The Razer Kraken Tournament Edition seems to tick all the boxes for a great gaming headset. Razer has obviously gone to great lengths to make this headset super comfortable, pack it with a ton of useful features and ensure that the mic is top-notch. But, when it comes to sound quality, it’s not an all-rounder.
That doesn’t mean that this is a case of style over substance. The Razer Kraken Tournament Edition’s soundstage is immersive, especially when turning on THX Spatial Audio in games. And it can be tailored somewhat to offset its shortcomings. But you won’t be picking these up to listen to music anytime soon.
Still, esports gamers will prioritize the ability to pinpoint elements accurately on a soundstage as well as the ability to wear a headset for long sessions over a headset’s frequency response. They’ll also appreciate all the additional, adjustable features. So, the Razer Kraken Tournament Edition does have a place for gamers.
And considering the price, a headset like this is bound to have some shortcomings. There’s a lot of choice in the under $100 range, but most don’t come with nearly the amount of features or are stereo-only. There’s a lot going on here.
Razer Kraken Tournament Edition review: Design and features
The dongle contains all the controls you might want to use mid-game, although the cable leading to the headset does have inline controls for volume and mic mute for use when the dongle is unplugged. The dongle itself houses volume buttons as well as a mic mute on its face, a bass volume wheel on one side, and a game/chat mix and THX on/off toggle on the other. While we had fun toggling the THX modes in-game, most will find that chat mix very useful when you want to tune out an annoying friend and just listen to the game audio.
The Razer Kraken Tournament Edition doesn’t stray far from the Razer aesthetic. It comes in either vibrant green with black accents or all black. The Razer logo is emblazoned on the outside of each ear cup surrounded by an aluminum mesh grill. In fact, the construction outside of the padding is plastic and aluminum, making for a fairly light headset.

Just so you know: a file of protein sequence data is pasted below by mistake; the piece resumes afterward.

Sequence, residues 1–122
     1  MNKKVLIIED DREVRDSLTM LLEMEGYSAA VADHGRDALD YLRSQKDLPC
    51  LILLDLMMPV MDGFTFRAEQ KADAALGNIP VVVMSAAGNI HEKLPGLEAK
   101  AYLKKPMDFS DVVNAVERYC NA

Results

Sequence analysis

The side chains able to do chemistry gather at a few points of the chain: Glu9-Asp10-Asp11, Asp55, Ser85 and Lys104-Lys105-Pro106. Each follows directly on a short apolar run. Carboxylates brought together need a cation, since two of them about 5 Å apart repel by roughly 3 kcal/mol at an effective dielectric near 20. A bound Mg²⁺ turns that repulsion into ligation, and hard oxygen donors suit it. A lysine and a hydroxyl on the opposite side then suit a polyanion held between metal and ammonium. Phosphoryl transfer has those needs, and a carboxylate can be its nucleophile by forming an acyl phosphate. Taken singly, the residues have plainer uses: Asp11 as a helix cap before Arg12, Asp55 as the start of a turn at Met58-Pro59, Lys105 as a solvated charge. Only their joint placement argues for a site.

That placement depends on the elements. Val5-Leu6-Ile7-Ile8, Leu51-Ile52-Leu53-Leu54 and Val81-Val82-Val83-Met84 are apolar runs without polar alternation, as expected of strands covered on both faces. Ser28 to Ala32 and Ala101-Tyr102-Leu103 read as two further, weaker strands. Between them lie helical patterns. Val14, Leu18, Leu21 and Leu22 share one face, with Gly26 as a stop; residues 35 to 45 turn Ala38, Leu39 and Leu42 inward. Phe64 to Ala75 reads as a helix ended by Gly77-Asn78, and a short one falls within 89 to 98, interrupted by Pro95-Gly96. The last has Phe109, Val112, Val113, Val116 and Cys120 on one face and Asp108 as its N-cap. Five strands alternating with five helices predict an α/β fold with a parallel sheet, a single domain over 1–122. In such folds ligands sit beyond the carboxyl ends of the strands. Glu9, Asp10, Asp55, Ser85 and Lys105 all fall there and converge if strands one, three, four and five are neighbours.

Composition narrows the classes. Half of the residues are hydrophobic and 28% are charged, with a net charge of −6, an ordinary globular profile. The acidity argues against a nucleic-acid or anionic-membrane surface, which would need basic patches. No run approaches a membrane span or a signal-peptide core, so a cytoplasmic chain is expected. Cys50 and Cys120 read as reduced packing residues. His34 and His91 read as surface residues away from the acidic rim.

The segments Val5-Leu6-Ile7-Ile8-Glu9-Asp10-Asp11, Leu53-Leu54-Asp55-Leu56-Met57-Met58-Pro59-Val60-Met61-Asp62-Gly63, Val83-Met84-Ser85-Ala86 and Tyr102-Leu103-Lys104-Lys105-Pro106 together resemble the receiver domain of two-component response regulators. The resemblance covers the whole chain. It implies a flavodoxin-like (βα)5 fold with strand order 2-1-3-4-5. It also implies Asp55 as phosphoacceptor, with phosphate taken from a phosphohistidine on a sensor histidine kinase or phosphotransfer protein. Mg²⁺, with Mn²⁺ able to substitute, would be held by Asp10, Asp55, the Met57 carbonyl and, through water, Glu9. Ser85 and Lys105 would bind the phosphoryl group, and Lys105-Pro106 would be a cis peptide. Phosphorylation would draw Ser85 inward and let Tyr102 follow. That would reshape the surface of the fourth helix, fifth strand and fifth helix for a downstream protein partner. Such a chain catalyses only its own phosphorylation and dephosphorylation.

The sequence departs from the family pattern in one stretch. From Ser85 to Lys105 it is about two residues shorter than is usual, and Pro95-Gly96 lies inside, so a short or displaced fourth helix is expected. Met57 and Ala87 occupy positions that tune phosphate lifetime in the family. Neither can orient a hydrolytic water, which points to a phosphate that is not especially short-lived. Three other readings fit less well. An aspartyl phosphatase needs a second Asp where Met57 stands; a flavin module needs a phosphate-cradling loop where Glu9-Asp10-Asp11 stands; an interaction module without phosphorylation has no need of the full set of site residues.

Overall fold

Not only is it light, but it is also comfortable. There’s not much in the way of clamping force – we found that the fit was a bit loose. This might be an issue for some but not for us, especially considering the painful clamping force that some other headsets come with from the factory floor. It also still fits well. On a related note, it’s an extremely pliable headset where you can bend it every which way (within reason of course) without doing any harm to the Kraken.
The cushioned headband is not very thick, but it sits light on the head and the earpads – composed of a cooling gel layer and soft memory foam – seem to work as advertised. They feel like little pillows for the ears. The earpads are covered in a leatherette-and-soft-cloth combo that offers a luxurious feel. The soft cloth covers the part of the ear pads that make contact with your ears to avoid any sweating.
Not only are they perfect for long gaming sessions without your ears overheating or getting fatigued, but they’re also easy to wear for gamers with glasses – an important and underrated feature. Unfortunately, the earcups don’t swivel or tilt much, but that doesn’t affect its overall comfort.
The braided cable is certainly durable and leads to a dongle that lets you plug into any USB port. If you want to use the headset on a 3.5mm source, you can just disconnect the dongle then port directly into your audio source. This versatility means you can use this headset with just about any source you want, not just a PC. Of course, all the additional features like THX are only available on PC. However, you can plug the dongle into a PlayStation and use it there (sans THX of course).
Razer Kraken Tournament Edition review: Performance and software
Unfortunately, the Razer Kraken Tournament’s sound quality doesn’t meet the same standards as the other aspects of this headset. There’s plenty of volume and bass. The high-end sounds are okay as well, if not particularly detailed. The mids, however, sound hollow yet muddy at the same time though the headphones did improve slightly over time. If you’re a bass-head who just cares about that low end, you might enjoy using these for music. However, I didn’t particularly enjoy listening to music on them.